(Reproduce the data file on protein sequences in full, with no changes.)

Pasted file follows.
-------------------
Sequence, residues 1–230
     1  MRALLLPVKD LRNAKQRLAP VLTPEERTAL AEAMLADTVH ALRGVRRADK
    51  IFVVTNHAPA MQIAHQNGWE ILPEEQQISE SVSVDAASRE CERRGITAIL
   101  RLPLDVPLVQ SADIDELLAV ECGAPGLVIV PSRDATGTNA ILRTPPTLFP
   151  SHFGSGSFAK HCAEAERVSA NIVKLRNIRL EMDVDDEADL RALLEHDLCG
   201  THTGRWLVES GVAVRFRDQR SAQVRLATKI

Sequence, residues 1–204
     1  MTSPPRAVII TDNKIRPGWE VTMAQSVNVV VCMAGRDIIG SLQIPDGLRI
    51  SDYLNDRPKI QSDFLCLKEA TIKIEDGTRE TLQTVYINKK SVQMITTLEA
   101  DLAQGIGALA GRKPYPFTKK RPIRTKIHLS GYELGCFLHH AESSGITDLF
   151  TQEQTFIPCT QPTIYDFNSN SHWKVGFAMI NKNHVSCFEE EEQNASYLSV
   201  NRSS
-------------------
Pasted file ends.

Sequence, residues 1–230
     1  MRALLLPVKD LRNAKQRLAP VLTPEERTAL AEAMLADTVH ALRGVRRADK
    51  IFVVTNHAPA MQIAHQNGWE ILPEEQQISE SVSVDAASRE CERRGITAIL
   101  RLPLDVPLVQ SADIDELLAV ECGAPGLVIV PSRDATGTNA ILRTPPTLFP
   151  SHFGSGSFAK HCAEAERVSA NIVKLRNIRL EMDVDDEADL RALLEHDLCG
   201  THTGRWLVES GVAVRFRDQR SAQVRLATKI

Sequence, residues 1–204
     1  MTSPPRAVII TDNKIRPGWE VTMAQSVNVV VCMAGRDIIG SLQIPDGLRI
    51  SDYLNDRPKI QSDFLCLKEA TIKIEDGTRE TLQTVYINKK SVQMITTLEA
   101  DLAQGIGALA GRKPYPFTKK RPIRTKIHLS GYELGCFLHH AESSGITDLF
   151  TQEQTFIPCT QPTIYDFNSN SHWKVGFAMI NKNHVSCFEE EEQNASYLSV
   201  NRSS